HH: We get paid for that. For example, Janet Jackson's new record has a sample from one of my records.

AAJ: Aside from Mongo Santamaria, who has justly interpreted your work?

HH: I don't look at it that way. If someone takes my tune and interprets it in a way that they see fit, I am happy about it.

AAJ: So you were pleased with Us3's "Cantaloop."

HH: Oh, yeah. When I first heard it, I was in Japan. I went to this club in Japan and I remember it was downstairs in some basement. As I am walking down the stairs, I hear "Cantaloupe Island," or so I thought. But I didn't hear the last two chords. I thought a DJ was mixing it with something else live and that somebody was rapping on top of it. Then it dawned on me that someone had told me that they did a rap version of "Cantaloupe Island." I thought it was pretty cool. I will give you another example, Fred. Years ago, what was her name? Lady. The song was called "Groove Is in the Heart."

AAJ: Deee-Lite.

HH: Deee-Lite, that's the group. I was told that somebody had sampled something from the Blow-Up soundtrack that I had done. I had never heard it. And then one day, my daughter and I were getting in my car and the radio was on and she said, "Dad, that's that song." She pointed it out because I didn't even remember the song. I had to go and get the record to remember.

AAJ: Would you revisit the Sextant band?

HH: There is this music called electronica and a lot of the young artists rediscovered Sextant. I didn't even know that was happening. Somebody had to point it out to me. I put a band together called Future 2 Future and we were in the electronica area. Sextant was a very raw sound and it grew out of the times. It was postavant- garde and the whole avant-garde area was a big underground thing happening in the '60s and had a lot of influence on the mainstream of jazz. For example, in the Miles Davis group I played in, I remember one concert that we played when I was with Miles and after the concert, Miles leaned over to Tony Williams and said, "I sounded like Don Cherry didn't I?" And he was pleased. Miles was pleased because he was checking it out too. So I haven't had to bring that band back as a reunion band. When I think of reunion bands, a lot of times, I think these are has beens trying to recreate something they did at a certain time and that time is not now.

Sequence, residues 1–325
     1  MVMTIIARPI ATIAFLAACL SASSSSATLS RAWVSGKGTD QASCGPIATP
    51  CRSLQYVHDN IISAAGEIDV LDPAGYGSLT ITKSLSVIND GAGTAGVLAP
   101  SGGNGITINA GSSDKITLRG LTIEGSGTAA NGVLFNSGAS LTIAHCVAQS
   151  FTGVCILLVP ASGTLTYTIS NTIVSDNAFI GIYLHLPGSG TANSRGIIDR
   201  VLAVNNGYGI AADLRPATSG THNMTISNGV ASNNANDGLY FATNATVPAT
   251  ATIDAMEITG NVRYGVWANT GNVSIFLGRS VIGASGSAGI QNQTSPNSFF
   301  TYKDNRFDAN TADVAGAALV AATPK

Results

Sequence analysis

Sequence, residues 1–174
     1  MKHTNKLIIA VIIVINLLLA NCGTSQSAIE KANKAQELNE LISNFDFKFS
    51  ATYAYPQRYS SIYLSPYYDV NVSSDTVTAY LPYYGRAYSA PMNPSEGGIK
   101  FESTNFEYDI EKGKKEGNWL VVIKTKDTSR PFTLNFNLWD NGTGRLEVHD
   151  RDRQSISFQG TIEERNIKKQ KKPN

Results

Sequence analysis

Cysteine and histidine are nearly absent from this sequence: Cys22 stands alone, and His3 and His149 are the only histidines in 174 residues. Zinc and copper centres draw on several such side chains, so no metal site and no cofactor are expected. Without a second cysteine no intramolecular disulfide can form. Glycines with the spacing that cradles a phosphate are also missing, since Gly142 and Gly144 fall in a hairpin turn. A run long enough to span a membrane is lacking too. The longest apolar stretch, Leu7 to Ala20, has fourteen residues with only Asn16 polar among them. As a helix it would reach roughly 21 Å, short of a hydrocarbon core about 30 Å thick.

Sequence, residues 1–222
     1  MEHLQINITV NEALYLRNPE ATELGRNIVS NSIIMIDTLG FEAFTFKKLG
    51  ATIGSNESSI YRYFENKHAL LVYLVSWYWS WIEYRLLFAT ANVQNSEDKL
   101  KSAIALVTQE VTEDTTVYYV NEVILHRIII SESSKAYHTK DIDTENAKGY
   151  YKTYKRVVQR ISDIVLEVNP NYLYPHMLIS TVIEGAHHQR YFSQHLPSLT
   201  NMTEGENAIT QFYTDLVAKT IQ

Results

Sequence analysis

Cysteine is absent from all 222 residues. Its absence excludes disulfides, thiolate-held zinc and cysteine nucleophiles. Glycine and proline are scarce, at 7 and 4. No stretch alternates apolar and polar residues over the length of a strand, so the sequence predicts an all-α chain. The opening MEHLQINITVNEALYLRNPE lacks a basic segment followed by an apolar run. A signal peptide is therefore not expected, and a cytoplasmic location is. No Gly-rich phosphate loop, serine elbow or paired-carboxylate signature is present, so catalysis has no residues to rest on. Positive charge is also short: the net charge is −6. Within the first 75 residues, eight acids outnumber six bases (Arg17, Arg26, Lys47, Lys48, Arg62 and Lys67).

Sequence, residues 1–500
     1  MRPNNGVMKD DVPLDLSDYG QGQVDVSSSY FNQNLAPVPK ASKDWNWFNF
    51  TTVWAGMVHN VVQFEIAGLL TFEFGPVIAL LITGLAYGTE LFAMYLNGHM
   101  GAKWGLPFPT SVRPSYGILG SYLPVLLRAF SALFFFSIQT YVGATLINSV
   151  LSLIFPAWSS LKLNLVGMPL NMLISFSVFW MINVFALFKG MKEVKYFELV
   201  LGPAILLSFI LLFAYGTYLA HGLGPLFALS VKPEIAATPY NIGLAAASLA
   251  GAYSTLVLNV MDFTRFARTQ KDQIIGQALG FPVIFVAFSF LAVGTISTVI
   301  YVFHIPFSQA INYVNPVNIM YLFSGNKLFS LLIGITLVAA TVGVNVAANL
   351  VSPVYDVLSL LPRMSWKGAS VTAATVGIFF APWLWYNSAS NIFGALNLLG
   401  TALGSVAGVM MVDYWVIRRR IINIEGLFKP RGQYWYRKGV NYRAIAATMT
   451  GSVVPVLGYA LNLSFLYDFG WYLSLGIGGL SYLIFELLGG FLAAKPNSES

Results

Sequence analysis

AAJ: Of late, you have been on tour with Michael Brecker and Roy Hargrove (Directions in Music), celebrating the music of Miles Davis and John Coltrane.

HH: They were born the same year and so we were celebrating what would be their 75th birthdays. That was an idea that was generated by my concert agent. Miles has been a major innovator through several generations. That is kind of a no-brainer for people to realize that. For John Coltrane, during the time that he was with Miles and then particularly when he left Miles, he contributed a whole different kind of openness to the music and added a spiritual essence to the music scene. Not that Miles' music wasn't spiritual, but John's was in almost an hypnotic way. During the short time that he was around, because he wasn't around that long, he was a major contributor, especially to saxophone players. Michael Brecker, for example, credits John Coltrane for the reason that he plays saxophone. He wouldn't be a musician had it not been for John Coltrane's music.

AAJ: In June, you headline the Playboy Jazz Festival.

HH: That is a quartet with Wayne Shorter and Brian Blade and Dave Holland. We are looking forward to it.

AAJ: You are continuing your association with the Thelonious Monk Institute, of which you are a board member.

HH: Right, I am the Chairman now. The overall vision is the promotion of jazz and jazz education, and to grow a new audience for jazz, and also to work towards the continued evolution of the music. We have a lot of different programs going. One of them including jazz as a part of American history in elementary schools and middle schools because it should be. Any German knows who Beethoven is and Bach. Most of the people in Europe know who their great composers are without having to study music. They are included in the cultural aspect of the history their nations and we don't do that for jazz in nation and it really should be. We also have a performance area too. We have a college band selected from around the world. Every year, we put a band together and they are together for two years. Each year, the groups that we put together blow our minds in their growth and in their development. It is really amazing. The bands are so good they're scary.

AAJ: There is hope.

HH: Exactly.

Visit Herbie Hancock on the web at www.herbiehancock.com .

Photo Credit
Klaus Muempfer